A knife-wielding maniac is killing patrons of a sleazy nightclub. However, the victims have more in common than just they’re having frequented the place…

Though my print isn’t in the best of quality, it’s properly letterboxed, surprisingly well-dubbed, and quite coherent. Considering this is one of the Edgar Wallace krimis West Germany was churning out in the early sixties, this is all quite surprising. It even has a plus in that the comic relief character is actually quite amusing and managed to get a few laughs out of me, also rare for the form. As a mystery, it’s not particularly challenging; you’ll quickly figure out the red herring and notice the character whose sole purpose in the story is to be unmasked at the end; I certainly wasn’t surprised. Nevertheless, this is one of the more entertaining and enjoyable krimis out there, and it even has a few effective stylistic touches to add to the mix. This is another good place to start for those who want to try out the form.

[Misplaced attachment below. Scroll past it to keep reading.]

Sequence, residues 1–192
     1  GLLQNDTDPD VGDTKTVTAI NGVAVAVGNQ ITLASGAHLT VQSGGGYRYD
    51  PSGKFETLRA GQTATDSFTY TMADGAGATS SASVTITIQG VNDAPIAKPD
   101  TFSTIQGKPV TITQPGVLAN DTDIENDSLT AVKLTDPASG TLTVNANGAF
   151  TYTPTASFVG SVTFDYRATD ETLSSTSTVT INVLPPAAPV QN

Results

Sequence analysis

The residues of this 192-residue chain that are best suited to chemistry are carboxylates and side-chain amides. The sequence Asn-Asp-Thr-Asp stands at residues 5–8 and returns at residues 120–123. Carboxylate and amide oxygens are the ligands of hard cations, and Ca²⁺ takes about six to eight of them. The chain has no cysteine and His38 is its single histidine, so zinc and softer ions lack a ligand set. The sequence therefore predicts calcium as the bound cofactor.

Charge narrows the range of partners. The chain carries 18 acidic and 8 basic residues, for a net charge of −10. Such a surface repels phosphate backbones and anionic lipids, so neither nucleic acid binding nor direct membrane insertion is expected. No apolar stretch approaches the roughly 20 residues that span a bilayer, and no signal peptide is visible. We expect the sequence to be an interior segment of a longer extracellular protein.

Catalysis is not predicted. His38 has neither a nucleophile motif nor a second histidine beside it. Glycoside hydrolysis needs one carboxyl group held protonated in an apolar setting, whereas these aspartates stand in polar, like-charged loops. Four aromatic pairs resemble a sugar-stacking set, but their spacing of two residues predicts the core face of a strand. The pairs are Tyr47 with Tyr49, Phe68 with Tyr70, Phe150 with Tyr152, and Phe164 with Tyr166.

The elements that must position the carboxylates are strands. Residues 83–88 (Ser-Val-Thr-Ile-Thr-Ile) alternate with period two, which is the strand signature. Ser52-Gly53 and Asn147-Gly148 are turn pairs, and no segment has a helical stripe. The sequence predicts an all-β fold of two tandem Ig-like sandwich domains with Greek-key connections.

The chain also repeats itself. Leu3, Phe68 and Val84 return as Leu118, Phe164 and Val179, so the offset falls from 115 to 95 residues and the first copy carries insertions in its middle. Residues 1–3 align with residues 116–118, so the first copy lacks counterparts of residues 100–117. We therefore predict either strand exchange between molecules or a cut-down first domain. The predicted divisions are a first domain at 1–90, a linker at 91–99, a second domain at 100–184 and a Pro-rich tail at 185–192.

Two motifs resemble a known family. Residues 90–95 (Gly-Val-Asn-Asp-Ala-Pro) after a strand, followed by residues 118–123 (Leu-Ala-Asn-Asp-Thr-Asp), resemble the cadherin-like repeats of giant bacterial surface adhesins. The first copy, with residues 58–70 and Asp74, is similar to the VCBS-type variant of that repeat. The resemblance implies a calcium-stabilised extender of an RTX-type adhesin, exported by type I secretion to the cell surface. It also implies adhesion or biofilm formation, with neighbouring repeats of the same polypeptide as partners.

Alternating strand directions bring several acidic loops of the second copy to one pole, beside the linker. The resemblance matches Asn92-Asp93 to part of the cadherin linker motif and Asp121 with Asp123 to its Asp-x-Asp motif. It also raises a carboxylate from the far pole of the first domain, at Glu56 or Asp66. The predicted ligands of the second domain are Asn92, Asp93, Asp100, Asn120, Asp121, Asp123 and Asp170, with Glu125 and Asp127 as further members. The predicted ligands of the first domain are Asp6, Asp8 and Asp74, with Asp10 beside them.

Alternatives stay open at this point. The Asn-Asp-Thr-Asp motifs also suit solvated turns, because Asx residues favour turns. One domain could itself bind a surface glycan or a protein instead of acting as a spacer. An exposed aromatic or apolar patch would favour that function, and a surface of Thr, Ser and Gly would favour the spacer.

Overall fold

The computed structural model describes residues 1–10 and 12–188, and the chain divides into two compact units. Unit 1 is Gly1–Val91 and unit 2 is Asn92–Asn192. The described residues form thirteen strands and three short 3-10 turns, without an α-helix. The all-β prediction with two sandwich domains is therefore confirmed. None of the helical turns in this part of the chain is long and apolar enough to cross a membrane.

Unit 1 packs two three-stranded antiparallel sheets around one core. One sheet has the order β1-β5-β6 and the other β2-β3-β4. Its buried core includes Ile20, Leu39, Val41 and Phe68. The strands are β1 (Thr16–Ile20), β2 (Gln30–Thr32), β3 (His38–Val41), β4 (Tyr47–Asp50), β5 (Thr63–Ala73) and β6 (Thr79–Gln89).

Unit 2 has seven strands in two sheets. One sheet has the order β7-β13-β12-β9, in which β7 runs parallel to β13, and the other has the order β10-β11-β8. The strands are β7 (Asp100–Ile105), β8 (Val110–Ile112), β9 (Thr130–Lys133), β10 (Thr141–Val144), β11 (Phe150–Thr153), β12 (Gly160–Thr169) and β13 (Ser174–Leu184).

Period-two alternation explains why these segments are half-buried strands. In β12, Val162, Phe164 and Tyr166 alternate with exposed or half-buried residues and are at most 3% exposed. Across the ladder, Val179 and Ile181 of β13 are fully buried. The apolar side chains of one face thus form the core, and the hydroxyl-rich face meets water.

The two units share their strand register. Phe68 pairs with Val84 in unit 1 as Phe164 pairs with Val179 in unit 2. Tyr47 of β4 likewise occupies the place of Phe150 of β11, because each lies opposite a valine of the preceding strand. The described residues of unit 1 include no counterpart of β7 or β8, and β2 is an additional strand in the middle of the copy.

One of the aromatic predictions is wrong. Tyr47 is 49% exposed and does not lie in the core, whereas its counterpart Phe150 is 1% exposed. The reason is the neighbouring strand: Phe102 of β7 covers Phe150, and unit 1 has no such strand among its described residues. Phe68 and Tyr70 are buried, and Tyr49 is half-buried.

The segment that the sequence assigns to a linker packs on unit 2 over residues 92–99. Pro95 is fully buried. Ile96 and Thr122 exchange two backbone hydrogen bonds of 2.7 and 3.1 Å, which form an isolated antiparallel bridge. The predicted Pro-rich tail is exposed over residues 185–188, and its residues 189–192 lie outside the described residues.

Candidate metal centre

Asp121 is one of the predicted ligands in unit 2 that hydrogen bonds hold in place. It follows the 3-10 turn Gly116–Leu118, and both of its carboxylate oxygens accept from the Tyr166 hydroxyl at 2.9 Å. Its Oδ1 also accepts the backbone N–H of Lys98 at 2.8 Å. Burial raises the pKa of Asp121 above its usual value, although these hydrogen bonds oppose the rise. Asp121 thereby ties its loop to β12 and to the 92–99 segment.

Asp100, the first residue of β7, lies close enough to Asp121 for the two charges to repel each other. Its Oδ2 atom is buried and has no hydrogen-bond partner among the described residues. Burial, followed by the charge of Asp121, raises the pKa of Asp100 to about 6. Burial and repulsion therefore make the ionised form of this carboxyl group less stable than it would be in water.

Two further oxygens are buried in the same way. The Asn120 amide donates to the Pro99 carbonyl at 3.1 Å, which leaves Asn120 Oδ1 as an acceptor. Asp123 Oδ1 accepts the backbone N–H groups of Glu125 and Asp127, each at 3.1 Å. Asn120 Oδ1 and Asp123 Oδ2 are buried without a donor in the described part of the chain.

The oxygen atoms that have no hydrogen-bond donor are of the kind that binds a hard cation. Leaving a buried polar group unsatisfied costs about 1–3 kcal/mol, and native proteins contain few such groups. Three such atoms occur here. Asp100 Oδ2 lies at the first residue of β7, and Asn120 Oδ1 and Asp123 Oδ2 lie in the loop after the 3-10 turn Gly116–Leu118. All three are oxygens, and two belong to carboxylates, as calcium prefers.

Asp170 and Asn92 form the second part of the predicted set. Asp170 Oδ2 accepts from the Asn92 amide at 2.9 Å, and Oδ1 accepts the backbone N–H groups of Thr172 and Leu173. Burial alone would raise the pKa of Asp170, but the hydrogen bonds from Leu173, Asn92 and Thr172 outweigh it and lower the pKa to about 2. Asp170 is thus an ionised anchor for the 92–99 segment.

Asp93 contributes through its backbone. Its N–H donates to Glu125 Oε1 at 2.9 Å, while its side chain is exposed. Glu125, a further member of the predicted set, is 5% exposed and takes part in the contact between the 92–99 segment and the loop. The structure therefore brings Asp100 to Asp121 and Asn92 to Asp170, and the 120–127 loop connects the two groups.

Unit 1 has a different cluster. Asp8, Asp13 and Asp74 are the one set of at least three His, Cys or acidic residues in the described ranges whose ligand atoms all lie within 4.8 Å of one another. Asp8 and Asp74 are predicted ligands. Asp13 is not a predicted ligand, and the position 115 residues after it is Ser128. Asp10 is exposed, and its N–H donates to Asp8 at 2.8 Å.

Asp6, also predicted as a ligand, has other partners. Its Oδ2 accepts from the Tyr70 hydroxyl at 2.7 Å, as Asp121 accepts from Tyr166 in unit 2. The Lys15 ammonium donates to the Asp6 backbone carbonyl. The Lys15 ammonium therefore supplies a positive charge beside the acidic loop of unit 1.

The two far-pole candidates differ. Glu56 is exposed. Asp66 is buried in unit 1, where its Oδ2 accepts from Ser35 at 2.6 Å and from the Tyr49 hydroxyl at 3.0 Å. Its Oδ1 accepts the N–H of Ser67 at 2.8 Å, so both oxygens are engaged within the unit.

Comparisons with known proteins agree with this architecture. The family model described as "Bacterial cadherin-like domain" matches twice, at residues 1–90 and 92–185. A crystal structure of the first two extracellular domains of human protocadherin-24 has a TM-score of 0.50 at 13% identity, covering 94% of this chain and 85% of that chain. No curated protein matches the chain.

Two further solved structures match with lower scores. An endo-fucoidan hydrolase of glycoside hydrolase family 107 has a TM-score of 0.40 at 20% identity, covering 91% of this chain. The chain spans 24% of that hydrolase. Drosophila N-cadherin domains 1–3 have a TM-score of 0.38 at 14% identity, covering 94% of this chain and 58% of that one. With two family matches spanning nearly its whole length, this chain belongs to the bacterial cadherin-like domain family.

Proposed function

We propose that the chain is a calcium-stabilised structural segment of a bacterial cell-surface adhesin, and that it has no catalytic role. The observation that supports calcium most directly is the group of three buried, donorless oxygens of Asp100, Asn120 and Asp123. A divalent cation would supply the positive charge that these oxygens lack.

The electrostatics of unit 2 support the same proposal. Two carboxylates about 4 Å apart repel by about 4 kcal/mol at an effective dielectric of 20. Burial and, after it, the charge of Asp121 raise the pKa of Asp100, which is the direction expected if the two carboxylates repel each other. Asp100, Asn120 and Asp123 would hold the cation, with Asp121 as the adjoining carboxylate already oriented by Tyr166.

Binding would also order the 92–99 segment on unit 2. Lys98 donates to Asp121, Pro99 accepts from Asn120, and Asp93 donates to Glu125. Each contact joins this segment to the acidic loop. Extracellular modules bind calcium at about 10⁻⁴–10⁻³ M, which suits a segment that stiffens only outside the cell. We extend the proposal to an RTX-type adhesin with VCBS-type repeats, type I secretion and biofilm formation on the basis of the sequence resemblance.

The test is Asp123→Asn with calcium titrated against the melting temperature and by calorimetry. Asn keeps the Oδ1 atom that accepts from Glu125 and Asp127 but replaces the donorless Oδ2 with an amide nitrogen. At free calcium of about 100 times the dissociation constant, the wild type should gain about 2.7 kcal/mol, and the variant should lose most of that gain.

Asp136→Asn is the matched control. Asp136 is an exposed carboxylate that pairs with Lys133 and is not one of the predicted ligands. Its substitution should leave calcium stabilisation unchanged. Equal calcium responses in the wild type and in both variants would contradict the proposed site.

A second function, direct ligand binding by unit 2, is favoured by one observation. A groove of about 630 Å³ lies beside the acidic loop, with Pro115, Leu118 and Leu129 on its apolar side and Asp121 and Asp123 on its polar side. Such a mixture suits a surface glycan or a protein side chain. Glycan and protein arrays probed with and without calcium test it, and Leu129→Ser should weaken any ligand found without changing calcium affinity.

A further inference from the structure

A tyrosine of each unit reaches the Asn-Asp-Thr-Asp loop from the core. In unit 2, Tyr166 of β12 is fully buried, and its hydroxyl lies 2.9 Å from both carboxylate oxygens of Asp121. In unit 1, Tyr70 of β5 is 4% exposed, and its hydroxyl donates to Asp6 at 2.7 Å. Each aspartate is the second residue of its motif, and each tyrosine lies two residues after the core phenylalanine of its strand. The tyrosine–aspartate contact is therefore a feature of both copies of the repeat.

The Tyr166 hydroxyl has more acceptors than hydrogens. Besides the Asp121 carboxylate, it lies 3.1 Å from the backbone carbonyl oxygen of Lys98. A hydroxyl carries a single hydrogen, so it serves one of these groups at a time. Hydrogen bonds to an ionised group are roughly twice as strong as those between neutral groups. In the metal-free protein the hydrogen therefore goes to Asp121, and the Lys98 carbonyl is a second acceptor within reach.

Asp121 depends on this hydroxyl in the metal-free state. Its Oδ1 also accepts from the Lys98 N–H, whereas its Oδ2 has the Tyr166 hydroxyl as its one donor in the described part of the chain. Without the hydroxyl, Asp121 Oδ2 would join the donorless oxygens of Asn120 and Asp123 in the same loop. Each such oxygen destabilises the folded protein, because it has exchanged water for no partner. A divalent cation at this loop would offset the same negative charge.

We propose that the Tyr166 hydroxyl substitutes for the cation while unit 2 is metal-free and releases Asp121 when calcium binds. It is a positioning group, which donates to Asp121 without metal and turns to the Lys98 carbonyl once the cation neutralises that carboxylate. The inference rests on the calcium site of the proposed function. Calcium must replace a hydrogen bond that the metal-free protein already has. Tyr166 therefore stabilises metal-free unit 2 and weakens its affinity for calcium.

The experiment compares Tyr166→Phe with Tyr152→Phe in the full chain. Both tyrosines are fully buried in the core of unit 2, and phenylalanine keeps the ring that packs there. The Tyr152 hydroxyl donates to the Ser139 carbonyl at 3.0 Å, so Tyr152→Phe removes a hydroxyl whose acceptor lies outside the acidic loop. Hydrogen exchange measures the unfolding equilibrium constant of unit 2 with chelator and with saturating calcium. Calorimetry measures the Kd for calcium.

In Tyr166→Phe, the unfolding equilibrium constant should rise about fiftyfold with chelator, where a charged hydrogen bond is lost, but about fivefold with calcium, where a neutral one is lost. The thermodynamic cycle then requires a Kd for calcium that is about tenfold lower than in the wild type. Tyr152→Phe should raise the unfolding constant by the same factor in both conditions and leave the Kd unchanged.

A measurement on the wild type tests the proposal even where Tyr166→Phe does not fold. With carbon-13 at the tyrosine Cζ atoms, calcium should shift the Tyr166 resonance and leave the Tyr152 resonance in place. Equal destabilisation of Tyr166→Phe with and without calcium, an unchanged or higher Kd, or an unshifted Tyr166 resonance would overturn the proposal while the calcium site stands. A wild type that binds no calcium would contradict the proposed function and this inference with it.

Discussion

Pennies from Heaven (1936)

Article 2729 by Dave Sindelar
Viewing Date: 10-26-2008
Posting Date: 2-1-2009
Directed by Norman Z. McLeod
Featuring Bing Crosby, Madge Evans, Edith Fellows
Country: USA

A lute-playing convict is asked by a condemned murderer to deliver a letter to the family of the man he killed. When he does, he becomes involved in the fate of a young girl who is in danger of being sent to an orphanage.